- Originally published on the Bartitsu.org site on Thursday, 31st January 2019
The following interview with Bartitsu founder E.W. Barton-Wright first appeared in the Pall Mall Gazette of 5 September 1901, during the height of the Bartitsu Club era. It was found and republished by the Bartitsu Society in October of 2011 and subsequently inspired several new insights into the tactics of Bartitsu as a practical martial art.
This post re-examines the interview in light of more recent discoveries, with added notes (in italics) for context and clarity.
BARTITSU: ITS EXPONENT INTERVIEWED
One of our contributors lately called on Mr. Barton-Wright in his well-appointed gymnasium in Shaftesbury Avenue, when the following conversation took place:
What is the word Bartitsu? – It is a compound word, made up of parts of my own name, and of the Japanese Ju-jitsu, which means fighting to the last.
What do you claim for your system? – It teaches a man to defend himself effectively without firearms or any other weapons than a stick or umbrella, against the attack of another, perhaps much stronger or heavier than himself.
How does it differ from the usual fencing or boxing? – The fencing and boxing generally taught in schools-of-arms is too academic. Although it trains the eye to a certain extent, it is of little use except as a game played with persons who will observe the rules. Most of the hits in (single)stick or sabre play are taken up by the hilt, which a man is not very likely to take out with him on his walks.
This was a frequent theme of Barton-Wright’s (and, implicitly, of Pierre Vigny’s), and refers to the exclusion, within Vigny’s stick fighting system, of parries in the orthodox fencing-based guards of tierce and quarte. The Vigny system was virtually unique for its time in defaulting to high or “hanging” guards, in which the defender’s stick-wielding hand is always positioned above the point of impact between the two weapons.
Barton-Wright’s pointed comment about recreational fencing and boxing being “too academic” was significant especially with regards to the ongoing “practicality vs. artistry” arguments in French martial arts circles circa 1900.
The head, too, which is a part which an assailant who means business would naturally go for, is so well protected that the learner gets careless of exposing it.
And the boxing? – The same objection. The amateur is seldom taught how to hit really hard, which is what you must do in a row.
Pierre Vigny also addressed this point, in some detail, in a rare October 1900 letter published in the French journal La Constitutionelle. In contrast to the extravagantly polite, academic style that was then being successfully promoted by Vigny’s rivals Charles and Joseph Charlemont, the style of kickboxing taught by Vigny at the Bartitsu Club was closer to the continuous, full-contact model of English and American boxing.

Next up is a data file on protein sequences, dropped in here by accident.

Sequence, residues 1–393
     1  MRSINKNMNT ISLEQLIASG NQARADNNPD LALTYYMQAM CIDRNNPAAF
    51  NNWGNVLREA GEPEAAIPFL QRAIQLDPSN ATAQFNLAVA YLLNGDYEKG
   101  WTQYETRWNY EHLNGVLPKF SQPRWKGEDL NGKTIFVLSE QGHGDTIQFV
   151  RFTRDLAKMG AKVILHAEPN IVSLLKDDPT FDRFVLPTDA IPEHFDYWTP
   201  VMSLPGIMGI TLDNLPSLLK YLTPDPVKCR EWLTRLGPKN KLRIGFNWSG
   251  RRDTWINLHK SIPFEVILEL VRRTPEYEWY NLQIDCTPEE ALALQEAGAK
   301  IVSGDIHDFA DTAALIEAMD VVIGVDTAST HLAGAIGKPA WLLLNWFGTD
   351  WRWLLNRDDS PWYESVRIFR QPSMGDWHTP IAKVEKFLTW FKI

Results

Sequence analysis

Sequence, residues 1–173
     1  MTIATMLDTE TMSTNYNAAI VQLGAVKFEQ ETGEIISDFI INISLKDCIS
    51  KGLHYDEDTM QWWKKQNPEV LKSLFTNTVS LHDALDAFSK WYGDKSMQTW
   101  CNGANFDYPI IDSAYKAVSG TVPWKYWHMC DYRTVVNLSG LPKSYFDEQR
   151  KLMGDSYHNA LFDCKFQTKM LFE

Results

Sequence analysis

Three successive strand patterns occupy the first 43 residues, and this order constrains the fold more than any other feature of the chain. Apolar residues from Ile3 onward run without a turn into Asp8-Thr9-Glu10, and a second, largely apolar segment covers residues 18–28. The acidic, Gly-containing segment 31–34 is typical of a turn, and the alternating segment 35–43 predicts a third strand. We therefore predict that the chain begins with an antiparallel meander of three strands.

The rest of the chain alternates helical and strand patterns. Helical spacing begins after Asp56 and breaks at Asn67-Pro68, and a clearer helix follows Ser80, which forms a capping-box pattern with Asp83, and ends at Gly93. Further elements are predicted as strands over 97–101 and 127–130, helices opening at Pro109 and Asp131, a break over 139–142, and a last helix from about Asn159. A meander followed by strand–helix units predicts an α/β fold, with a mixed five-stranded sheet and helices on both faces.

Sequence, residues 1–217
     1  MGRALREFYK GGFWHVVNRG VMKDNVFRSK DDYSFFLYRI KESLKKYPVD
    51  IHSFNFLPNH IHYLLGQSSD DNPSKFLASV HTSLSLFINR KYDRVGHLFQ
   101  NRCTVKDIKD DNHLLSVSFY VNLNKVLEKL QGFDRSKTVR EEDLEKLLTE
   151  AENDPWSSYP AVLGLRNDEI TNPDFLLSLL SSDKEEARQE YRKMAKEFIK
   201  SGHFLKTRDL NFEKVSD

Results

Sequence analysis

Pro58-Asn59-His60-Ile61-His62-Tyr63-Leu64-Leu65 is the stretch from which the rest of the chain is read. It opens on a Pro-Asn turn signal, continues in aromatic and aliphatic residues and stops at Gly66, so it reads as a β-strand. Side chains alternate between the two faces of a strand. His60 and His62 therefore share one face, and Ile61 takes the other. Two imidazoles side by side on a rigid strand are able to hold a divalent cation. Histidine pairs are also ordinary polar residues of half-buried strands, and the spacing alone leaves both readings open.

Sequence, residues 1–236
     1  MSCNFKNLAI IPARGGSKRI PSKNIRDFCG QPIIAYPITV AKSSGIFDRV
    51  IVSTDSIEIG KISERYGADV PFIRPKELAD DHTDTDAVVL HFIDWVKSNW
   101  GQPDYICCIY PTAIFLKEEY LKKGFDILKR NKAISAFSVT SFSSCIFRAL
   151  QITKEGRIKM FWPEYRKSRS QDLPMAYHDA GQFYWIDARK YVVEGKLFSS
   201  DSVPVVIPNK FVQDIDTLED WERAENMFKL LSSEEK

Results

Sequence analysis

Nor is he protected against the savate, which would certainly be used on him by foreign ruffians, or the cowardly kicks often given by the English Hooligan.
A little knowledge of boxing is really rather a disadvantage to (the defender) if his assailant happens to be skilled at it, because (the assailant) will know exactly how his victim is likely to hit and guard.
Barton-Wright here alludes to the so-called “secret style of boxing” which appears to have been a collaboration between himself and Vigny; more to follow on that subject.
And you can teach any one to protect himself against all this? – Certainly. The walking-stick play we will show you directly. As to boxing, we have guards which are not at all like the guards taught in schools, and which will make the assailant hurt his own hand and arm very seriously.
So we teach a savate not at all like the French savate, but much more deadly, and which, if properly used, will smash the opponent’s ankle or even his ribs.
Aside from hitting harder than would normally be tolerated in recreational boxing, “Bartitsu (kick)boxing” – with its emphasis on actual unarmed combat, rather than sport and exercise – notably included, as Barton-Wright discussed elsewhere, guards “done in a slightly different style from boxing, being much more numerous as well”. This interview clarifies that these guards served the specific tactical purpose of damaging the opponent’s attacking limbs en route to the unarmed defender entering to close quarters.
Even if it be not used, it is very useful in teaching the pupil to keep his feet, which are almost as important in a scrimmage as his head.
Anything else? – My own experience is that the biggest man in a fight generally tries to close. By the grips or clutches I can teach, the biggest man can be seized and made powerless in a few seconds.